Posted by St Michael's College, Adelaide
on 30 April 2019
When Mohammad started his Year 12 Research Project, he didn't expect it turn out like this.
Mohammad was born in Iran and has lived in Australia for five years; he commenced his schooling at St Michael's College in Year 9. With the current media attention focussing on Autonomous Vehicles and Mohammad's keen interest in the topic, it was obvious for Mohammad to focus his Year 12 Research Project question on "To what extent is autonomous driving currently being used and how much has it impacted on society?"
Mohammad's Research Project couldn't have been timed better with Olli; a 3D printed, Autonomous Vehicle created by Local Motors currently being trialled in Adelaide, travelling from Moseley Square to the Broadway Kiosk. Local Motors, founded in 2007, is a ground mobility company with a belief in open collaboration and co-creation. Its parent company, LM Industries, is the world's first digital vehicle manufacturer and sister company, Launch-Forth, invites more than 200,000 community members to participate in challenges by submitting ideas on its crowd-powered software.
Why Adelaide? South Australia is one of the more progressive states in Australia with Local Motors winning a grant to conduct a six-month trial. The trial is gathering vital information on rider acceptance of Autonomous Vehicles and how it can assimilate with pedestrians. Olli is also an experience; it has cognitive features and responds to voice commands, providing information on weather, recommends restaurants etc. It is also of great assistance to those with disabilities.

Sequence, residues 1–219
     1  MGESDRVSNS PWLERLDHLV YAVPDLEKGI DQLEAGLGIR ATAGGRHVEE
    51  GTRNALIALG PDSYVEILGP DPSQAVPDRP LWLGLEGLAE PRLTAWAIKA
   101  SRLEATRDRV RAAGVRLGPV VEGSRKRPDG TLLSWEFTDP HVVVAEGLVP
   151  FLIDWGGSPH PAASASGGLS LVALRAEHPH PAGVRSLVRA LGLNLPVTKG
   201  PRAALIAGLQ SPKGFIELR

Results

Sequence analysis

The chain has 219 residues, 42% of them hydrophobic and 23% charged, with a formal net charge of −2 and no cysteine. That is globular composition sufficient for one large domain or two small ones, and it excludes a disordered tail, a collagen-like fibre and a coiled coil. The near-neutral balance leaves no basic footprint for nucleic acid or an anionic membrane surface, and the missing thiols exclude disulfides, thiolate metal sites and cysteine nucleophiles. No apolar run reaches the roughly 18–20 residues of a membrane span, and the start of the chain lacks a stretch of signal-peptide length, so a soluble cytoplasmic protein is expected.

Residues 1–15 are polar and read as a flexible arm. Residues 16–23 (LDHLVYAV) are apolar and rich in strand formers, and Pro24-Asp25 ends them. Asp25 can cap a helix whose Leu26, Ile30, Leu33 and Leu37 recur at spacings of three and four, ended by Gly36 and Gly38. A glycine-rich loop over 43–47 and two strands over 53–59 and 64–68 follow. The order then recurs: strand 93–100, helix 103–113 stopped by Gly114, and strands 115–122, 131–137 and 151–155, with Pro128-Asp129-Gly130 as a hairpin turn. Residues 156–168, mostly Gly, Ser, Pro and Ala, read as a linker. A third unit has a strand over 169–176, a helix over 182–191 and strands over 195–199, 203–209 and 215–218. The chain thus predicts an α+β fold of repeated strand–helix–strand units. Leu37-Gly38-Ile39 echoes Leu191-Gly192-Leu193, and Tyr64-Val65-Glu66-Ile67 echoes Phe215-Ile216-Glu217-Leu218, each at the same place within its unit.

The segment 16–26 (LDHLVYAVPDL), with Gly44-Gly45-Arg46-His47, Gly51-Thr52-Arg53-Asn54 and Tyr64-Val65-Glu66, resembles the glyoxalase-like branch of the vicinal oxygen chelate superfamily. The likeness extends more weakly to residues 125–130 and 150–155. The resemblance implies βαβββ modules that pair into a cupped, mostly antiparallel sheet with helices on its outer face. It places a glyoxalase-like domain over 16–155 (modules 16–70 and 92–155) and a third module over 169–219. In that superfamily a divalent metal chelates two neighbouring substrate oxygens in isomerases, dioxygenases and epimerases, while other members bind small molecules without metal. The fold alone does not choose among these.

When Mohammad reached out to the Australian and Asia Pacific representative, Rafael Toda, it turned out that Rafael is actually an old scholar of St Michael's College from the Class of 1975. A bond was immediately established between the two which lead to Rafael inviting him and some other keen St Michael's students to trial Olli.
Rafael arrived in Adelaide from the Philippines in 1972. After receiving a Lasallian education in the Philippines, there was no question as to where Rafael would be continuing his education. Rafael has worked for Qantas and also for dual listed (ASX and NADAQ) OzEmail Internet and America Express. Today Rafael is the Business Development Lead for Local Motors in Australia and the Asia Pacific Region based in Queensland. Rafael says "It is very heartening to see schools recognising these mobility trends and encouraging students to think about how this would impact on their lives in the future. It becomes especially gratifying for an old scholar like me when one of those schools is my own."
St Michael's College is proud to acknowledge the sense of community that it has built over the years and the willingness from our old scholars to ultimately benefit and assist our students of today.
Year 12 student Mohammad was very grateful for Rafael's quick reply to his email and answering his various questions. Mohammad stated, "Riding on Olli with Rafael was a great experience and I gained excellent information about how automated transport could impact on society. In particular, it was interesting to learn that Olli has features to support blind passengers with its voice interaction. The information will be very valuable for my final report."
Some high-level facts about the future:
On average, people touch their mobile phones over 2,500 times a day.
Density and the infilling of cities is the next frontier for humanity with two out of three people in the world living in an urban setting by 2050.
Cities are tackling congestion by rethinking where and how mobility moves.
AU$58 trillion will be spent on Smart Cities over the next 20 years.
Over 20 major urban centers are creating car-free zones in the next five years.
The future of cars is electric and radically different.
EV sales are growing exponentially from 2.5M today to 48M by 2030.
Mobility as a Service (MaaS) is geared to disrupt the low use of cars through ownership.
Left (L-R) Mohammad, Mrs Thorn, Hamish, Rafael, Will